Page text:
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Highlands council asks for second body to look at contaminated soil coming to landfill
Resident concerns over trucking contaminated soil into Highlands sparked council to seek a second look.
Highlands council is asking the federal government to provide an independent, professional third-party assessment of the landfill’s design and monitoring systems since 150,000 cubic metres of contaminated sediment started making its way to the landfill June 17.
The soil is part of the Esquimalt Graving Dock waterlot remediation project. It will be disposed of in the Highwest Landfill on Millstream Road, operated by Tervita Corporation.
“Waste will be transported to the Highwest landfill in trucks that have sealed end gates, so material will not leave the truck. As another level of assurance, additional vehicles will occasionally follow the loads to ensure nothing is leaving the truck. The drivers of the trucks have extensive experience with waste transportation and will act with the safety of the community and the environment top of mind,” said Stacie Dley, Tervita Communications Advisor.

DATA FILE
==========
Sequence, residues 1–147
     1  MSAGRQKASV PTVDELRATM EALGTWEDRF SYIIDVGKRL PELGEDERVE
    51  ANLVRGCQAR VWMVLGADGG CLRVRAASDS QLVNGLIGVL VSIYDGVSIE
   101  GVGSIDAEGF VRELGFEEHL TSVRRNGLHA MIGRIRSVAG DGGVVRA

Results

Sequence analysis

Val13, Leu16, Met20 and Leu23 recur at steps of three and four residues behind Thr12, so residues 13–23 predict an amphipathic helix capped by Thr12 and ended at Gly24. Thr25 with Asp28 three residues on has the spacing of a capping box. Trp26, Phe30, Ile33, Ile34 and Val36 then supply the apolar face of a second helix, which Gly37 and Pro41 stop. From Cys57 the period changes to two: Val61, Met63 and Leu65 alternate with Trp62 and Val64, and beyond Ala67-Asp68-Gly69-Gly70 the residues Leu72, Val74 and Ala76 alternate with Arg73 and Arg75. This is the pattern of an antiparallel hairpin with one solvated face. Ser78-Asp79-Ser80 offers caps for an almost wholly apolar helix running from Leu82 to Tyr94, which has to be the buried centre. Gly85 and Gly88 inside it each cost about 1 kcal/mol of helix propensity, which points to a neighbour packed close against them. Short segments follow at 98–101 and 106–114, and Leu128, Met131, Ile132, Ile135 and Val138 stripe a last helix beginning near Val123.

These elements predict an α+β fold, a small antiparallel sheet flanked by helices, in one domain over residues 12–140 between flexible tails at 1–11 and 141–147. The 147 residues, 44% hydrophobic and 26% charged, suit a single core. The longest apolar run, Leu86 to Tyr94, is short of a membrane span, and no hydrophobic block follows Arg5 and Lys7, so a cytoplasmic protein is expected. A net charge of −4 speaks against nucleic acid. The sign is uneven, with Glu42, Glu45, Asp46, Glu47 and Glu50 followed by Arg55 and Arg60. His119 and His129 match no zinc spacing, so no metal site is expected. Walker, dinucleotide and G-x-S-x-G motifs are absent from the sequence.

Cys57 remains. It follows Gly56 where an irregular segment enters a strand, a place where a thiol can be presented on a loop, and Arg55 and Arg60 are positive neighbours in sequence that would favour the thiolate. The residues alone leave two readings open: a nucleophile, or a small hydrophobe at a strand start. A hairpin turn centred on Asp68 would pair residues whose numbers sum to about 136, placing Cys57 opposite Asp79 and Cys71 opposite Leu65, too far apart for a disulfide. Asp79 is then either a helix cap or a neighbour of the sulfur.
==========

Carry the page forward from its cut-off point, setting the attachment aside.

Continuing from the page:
A reduction in truck traffic is expected to begin in January 2014.
Highlands is a community dependent on groundwater and council wants reassurance that groundwater and other environmental and health issues will be addressed.
The soil being deposited in Highlands, is considered contaminated, but not hazardous.
“Soil that would be unacceptable for disposal on Vancouver Island would be soil that is classified as hazardous waste as defined by the British Columbia Hazardous Waste Regulation (HWR). No hazardous waste has been identified in the sediments being remediated,” said Sébastien Bois, media relations for Public Works and Government Services.
The remediation project is expected to be wrapped up by March 2014.
Tervita earned the bid through an open procurement process.